- Chronic traumatic encephalopathy (CTE) is a progressive and fatal brain disease associated with repeated traumatic brain injuries (TBIs), including concussions and repeated blows to the head. It is also associated with the development of dementia. Studies have shown that people who experience TBI in early to midlife are two to four times more at risk of developing dementia in late life. CTE is being studied in professional athletes, primarily football players.
- Traumatic brain injury (TBI) results from an impact to the head that disrupts normal brain function. Traumatic brain injury may affect a long-term cognitive abilities, including learning and thinking skills, reduced ability to function, and changes in emotional health. Falls are the most common cause of traumatic brain injury.
Alzheimer’s disease is an illness of the brain that causes nerve cells in the brain to die. It results in disrupted memory, thinking and functioning. While everyone who has Alzheimer’s disease has dementia, not everyone who has dementia has Alzheimer’s disease. The only definite diagnosis for Alzheimer’s disease is finding plaques and tangles in the brain during autopsy. There is a somewhat greater risk for people with a family history of the disease. Race or ethnicity does not seem to be a factor. To learn more, visit The Alzheimer’s Association’s website.
Diagnosis of dementia or Alzheimer’s is based on a range of tests:
- Learn about: Diagnostic Criteria and Guidelines
- A complete medical history includes information about the person’s general health, past medical problems, and any difficulties the person has carrying out daily activities.
- Medical tests – such as tests of blood, urine, or spinal fluid – help the doctor find other possible diseases causing the symptoms.
- Neuropsychological tests measure memory, problem solving, attention, counting, and language.
- Brain scans allow the doctor to look at a picture of the brain to see if anything does not look normal.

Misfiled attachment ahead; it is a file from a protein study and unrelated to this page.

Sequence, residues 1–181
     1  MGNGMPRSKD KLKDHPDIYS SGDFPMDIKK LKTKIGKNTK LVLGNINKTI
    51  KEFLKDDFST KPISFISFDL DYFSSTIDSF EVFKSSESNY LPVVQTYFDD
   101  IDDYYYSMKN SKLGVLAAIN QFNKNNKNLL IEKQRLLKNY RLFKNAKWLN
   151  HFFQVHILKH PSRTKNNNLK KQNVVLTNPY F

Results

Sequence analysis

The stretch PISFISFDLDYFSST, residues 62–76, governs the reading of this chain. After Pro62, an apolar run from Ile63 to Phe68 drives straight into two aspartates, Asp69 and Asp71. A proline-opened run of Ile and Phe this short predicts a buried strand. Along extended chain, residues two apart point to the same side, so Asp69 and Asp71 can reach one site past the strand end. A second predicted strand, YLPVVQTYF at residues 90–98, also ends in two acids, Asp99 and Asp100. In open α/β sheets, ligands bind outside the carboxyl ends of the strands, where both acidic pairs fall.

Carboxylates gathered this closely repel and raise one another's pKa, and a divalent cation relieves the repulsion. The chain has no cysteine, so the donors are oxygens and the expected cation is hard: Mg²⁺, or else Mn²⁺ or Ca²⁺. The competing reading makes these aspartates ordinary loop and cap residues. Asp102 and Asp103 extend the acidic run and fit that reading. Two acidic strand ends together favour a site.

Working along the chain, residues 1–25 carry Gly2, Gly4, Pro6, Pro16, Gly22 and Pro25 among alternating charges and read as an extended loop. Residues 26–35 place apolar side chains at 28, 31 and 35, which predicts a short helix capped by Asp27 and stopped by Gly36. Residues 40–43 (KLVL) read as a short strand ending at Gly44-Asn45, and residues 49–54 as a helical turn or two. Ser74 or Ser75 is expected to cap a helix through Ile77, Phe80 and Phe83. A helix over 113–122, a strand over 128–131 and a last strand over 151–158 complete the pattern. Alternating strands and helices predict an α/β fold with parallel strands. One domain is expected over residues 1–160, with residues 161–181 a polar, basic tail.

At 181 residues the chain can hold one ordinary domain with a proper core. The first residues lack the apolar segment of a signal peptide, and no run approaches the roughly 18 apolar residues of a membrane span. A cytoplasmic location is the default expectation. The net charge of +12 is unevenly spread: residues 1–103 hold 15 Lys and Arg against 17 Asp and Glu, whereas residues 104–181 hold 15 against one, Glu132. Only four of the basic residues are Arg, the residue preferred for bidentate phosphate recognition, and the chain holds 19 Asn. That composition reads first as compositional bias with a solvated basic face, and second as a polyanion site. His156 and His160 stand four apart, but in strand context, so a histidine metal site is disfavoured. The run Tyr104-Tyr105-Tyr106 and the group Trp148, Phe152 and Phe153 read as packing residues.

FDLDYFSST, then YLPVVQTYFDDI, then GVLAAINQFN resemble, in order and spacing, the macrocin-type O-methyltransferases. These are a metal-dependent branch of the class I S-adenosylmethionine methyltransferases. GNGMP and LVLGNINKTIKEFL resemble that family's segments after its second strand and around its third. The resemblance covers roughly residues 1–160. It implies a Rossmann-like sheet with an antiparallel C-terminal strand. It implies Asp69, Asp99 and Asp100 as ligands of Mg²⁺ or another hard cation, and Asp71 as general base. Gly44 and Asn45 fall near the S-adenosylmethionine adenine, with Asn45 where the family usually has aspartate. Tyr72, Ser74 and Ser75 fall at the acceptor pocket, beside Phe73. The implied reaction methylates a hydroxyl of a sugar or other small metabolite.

Here are the ten warning signs of Alzheimer’s disease:
- Memory loss
- Difficulty performing familiar tasks
- Problems with language
- Disorientation to time and place
- Poor or decreased judgment
- Problems with abstract thinking
- Misplacing things
- Changes in mood or behavior
- Changes in personality
- Loss of initiative
There are three main stages of Alzheimer’s disease:
- Often looks and acts normal
- Short-term memory fades, making it difficult to learn new things
- Speech becomes slightly impaired
- Hygiene can be neglected, and judgment hindered
- Minor personality changes
- Emotional response unpredictable and exaggerated
- “Sundown Syndrome” of late afternoon or early evening may include agitation, confusion, or restlessness can occur at this stage or in the next (moderate) stage
- Memory impairment is obvious
- Short-term memory vanishes and stories and actions are likely to be repeated over and over again
- Individual needs supervision as complex tasks become overwhelming and decision-making is impaired
- Sleep cycles are disrupted
- Poor coordination, agitation, wandering and pacing may emerge Contact local Alzheimer’s Associations about their Safe Return Program
- Behavior problems are more frequent with exaggerated moods, hostility and aggression
- Person needs help in basic activities of daily living, such as bathing, eating and toileting
- Fragments of memory remain
- Troublesome behaviors are less prevalent
- Individuals suffer acute confusion, hallucination, delusions, paranoia, physical rigidity and/or seizures
- Call 2-1-1 throughout Texas for information and access to health and human service information for all ages.
- Call 800-252-9240 to find local Texas Area Agency on Aging.
- Call 800-677-1116 – Elder Care Locator service to find help throughout the U.S.
Use resources such as Area Agency on Aging (AAA). Types of assistance provided by AAAs:
- Information and referral
- Caregiver education and training
- Caregiver respite
- Caregiver support coordination
- Case management
- Transportation assistance
Assistance available through AAAs for persons age 60 and older may include:
- Benefits counseling
- Ombudsman – advocacy for those who live in nursing homes and assisted living facilities
- Home-delivered meals
- Congregate meals
- Light housekeeping
Be sure to check out our Resource Directory, FAQ, and Educational Events Calendar for more great information! Permission is granted to duplicate any and all parts of this page to use in education programs supporting family members caring for elders.
Revised March 2022Print This Page
We hope this information is helpful to you in the important work you do as a family caregiver.